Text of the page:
It’s impossible to talk about the movie without mentioning the violence. Even for those desensitized to gore, this movie provides some sick moments of brutality in its uncompromising portrait of slacking and bashing human bodies. The violence is always shown on-camera, and if ever the movie seems to go for a discretion gore shot, that’s because something even more ugly and violent will be shown right after. The film never prettifies the violence, it never shows it as cool, but it also doesn’t shy away from presenting it in all its glory for the edification of One-Eye’s badassness. And there is a point to it all. As brutal as this film is, it never feels gratuitous; it is simply a fundamental part of the story to understand the characters and their world and ultimately to make a point about One-Eye’s character arc.
But everybody who watches the film will end with the same question: what does it mean?
There have been many interpretations of the film since it was first released, and this will be a conversation that will go on as long the film exists. There seems to be no consensus, but I will venture a few guesses of my own.
One can watch the film from a naturalistic point of view: a former slave’s quest to find redemption, his soul, or a sense of self after a life of servitude to another’s will. One rare moment of vulnerability from One-Eye is when the crusaders’ priest tells him that if he fights for the release of the Holy Land, his sins will be absolved and he will meet his loved ones in Heaven. The look that One-Eye gives to him, notorious for actually being a reaction, shows that the words of the priest hit home somewhere deep in him. Is it absolution? Is it the promise to see again loved ones? Who are they? Do they even exist? We do not know because One-Eye remains mute throughout the movie and only speaks through the boy. The fact that the boy becomes his voice and One-Eye never shows signs of disagreement with his words puts this film past naturalism in my view. Something more is afoot here.
I should mention before continuing that the only moment of obvious humor in the film happens when the boy names him One-Eye, and he looks at the boy as if to say, “Oh really?”. The boy replies, “You need a name, and you only got One-Eye.” Perfect kid logic.
This is where the movie is also a very unlikely “traveling buddies” story: the ultimate warrior One-Eye and the vulnerable yet wise young boy, or badass and cub if you will. By the second act of the film, the boy becomes One-Eye’s voice without even a scene to establish such symbiosis. There is a scene when the boy makes eye-contact with One-Eye (no pun intended), and we see they appreciate the company. Two sons of misery find in each other the perfect companion.
This leads us to the more mystical and mythical interpretation of the film that I have myself accepted. It has to do with One-Eye himself. This interpretation is that he is Odin himself, the god-made human, experiencing hell on Earth as sacrifice. And this is in tune with Norse mythology. In Norse mythology, Odin is described as a one-eyed man who willingly allowed himself to subject to excruciating torture and humiliation to gain foresight, a sacrifice for wisdom. Odin was both depicted as a warrior and a wanderer and is often associated with battle and the runic alphabet. One-Eye has many visions in the film that points to things that have yet to happen, scary visions presented in blood red. Suffering through the tortures of nonstop combat during his enslavement shows in his scar-covered body. He is also heavily tattooed with mystical runic symbols. And eventually, he becomes a wandering warrior, seeking some form of wisdom about his place on Earth, which he finds in the form of a sacrifice.
Director Nicolas Winding Refn refers to One-Eye’s arc as the slave who becomes a god who becomes a man. So, one could say One-Eye is Odin personified as man. But even this interpretation leaves some questions open. Is One-Eye aware of his godly nature, or is he a god unaware? Refn does say in the audio commentary that the character lives beyond this movie, and he will show up as another human manifestation of godly will and justice. This happened in his film, Only God Forgives, released after the production of Drive. So One-Eye lives beyond Valhalla Rising, reincarnated.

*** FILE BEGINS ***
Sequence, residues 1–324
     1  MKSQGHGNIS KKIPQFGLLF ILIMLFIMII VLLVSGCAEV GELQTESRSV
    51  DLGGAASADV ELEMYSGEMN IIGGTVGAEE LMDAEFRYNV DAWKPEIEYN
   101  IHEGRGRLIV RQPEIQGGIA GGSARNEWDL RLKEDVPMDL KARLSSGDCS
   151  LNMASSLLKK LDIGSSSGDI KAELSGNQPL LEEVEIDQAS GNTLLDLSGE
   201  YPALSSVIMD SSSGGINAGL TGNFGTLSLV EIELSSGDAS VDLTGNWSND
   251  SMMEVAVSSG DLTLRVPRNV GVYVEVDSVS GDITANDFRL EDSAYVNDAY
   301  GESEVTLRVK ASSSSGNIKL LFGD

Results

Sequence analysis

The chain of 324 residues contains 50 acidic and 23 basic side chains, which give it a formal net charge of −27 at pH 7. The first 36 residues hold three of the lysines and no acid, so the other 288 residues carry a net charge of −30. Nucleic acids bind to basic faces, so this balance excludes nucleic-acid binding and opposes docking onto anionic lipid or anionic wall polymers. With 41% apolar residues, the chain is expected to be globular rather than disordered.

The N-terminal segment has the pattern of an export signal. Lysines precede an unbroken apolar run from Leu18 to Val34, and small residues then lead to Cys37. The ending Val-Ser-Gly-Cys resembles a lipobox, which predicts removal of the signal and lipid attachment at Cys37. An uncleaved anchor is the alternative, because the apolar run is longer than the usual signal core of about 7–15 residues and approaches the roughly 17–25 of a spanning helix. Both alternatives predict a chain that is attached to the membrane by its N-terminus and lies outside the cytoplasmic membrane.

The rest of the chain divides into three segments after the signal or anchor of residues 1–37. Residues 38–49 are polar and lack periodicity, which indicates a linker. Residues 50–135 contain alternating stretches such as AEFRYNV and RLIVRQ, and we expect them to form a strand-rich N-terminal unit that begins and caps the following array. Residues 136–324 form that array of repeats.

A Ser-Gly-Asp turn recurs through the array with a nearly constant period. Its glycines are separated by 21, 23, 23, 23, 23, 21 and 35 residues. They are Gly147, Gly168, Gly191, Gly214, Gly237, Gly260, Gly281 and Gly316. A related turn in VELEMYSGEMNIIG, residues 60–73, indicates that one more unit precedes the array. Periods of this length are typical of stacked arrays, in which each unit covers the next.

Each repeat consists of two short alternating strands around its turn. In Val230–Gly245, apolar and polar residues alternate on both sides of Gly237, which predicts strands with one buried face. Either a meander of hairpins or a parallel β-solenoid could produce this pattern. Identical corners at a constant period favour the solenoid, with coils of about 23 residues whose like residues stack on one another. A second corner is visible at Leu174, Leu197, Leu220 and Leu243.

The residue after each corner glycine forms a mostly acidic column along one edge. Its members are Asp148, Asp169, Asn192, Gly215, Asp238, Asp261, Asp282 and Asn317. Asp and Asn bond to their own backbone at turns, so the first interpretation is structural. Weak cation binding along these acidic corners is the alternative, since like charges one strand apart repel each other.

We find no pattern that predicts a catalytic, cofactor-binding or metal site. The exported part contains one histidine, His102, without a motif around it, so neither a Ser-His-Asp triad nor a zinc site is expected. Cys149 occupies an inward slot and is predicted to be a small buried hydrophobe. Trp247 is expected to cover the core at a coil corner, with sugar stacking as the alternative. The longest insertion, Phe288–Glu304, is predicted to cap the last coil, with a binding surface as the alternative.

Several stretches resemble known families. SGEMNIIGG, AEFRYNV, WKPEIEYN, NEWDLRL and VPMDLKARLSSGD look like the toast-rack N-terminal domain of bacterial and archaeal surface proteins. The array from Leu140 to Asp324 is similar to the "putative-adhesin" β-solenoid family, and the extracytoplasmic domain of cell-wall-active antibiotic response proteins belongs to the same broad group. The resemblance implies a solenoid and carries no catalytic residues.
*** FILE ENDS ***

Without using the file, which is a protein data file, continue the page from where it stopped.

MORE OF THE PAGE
I find this Norse mythology interpretation fascinating and pretty much in line with what I see in the film. It gives the movie a mythical quality that matches the images’ composition, tone, and mood from beginning to end. The film goes beyond the story of a badass and a child meeting a bunch of helpless Christian crusaders who get irrevocably lost and lose their mind.
Speaking of the Christian crusaders, the movie makes no secret of being also a story of the clash of two religions, one ancient and new to the world, spreading out from both the strengths of words and steel.
The opening crawl blatantly states the conflict between the Christians and the pagans, the latter being progressively pushed back further and further into the harsher, isolate parts of the world; however, the film doesn’t seem to side with either of them. If the Christians are brutal in their proselytism, the pagans are no less brutal in their endorsement of dehumanizing slavery. And later, when the Christians find themselves in a strange land they do not know, the leader decides to crusade in this new land to bring the “primitives” into the fold and dream of a New Jerusalem.
The movie seems to say that organized religion will drive people mad because there are expectations that cannot match the real world, and salvation can only be found individually, each man knowing his destiny without the imposition of faiths that demand the blood of others.
It is madness that meets the crusaders when the Holy Land they seek proves illusive. Some revert back to paganism, some just give up on the enterprise and denounce god altogether, some keep their delusions until death, and others decide to follow the mute man who seems to have an insight into what’s really happening but only speaks through the cryptic words of a child.
But One-Eye himself remains detached from these conflicts of faith, neither a pagan nor a Christian, for he seems as though he has seen the world for what it is and understands beyond the uncertainties of faith.
But in the end, what is salvation? In the world of Valhalla Rising, it is reaching self-awareness of your own place in the world, to acknowledge your regrets, to sacrifice for those who cannot save themselves, and to make a pact with destiny.
Valhalla Rising is a one-of-a-kind film. It is strange and hypnotic as the mystery unravels and a thought-provoking work after you have finished watching. I still find it a small miracle that it exists. And cinema as a whole is so much richer for having a film like Valhalla Rising.
For me, speaking about this film in mere words in a second language seems limited and leaves so much to be said. I hope you have enjoyed this review and that I’ve incited you to finally watch this film or re-watch it again.
This is AsimovLives, signing off. Have a better one.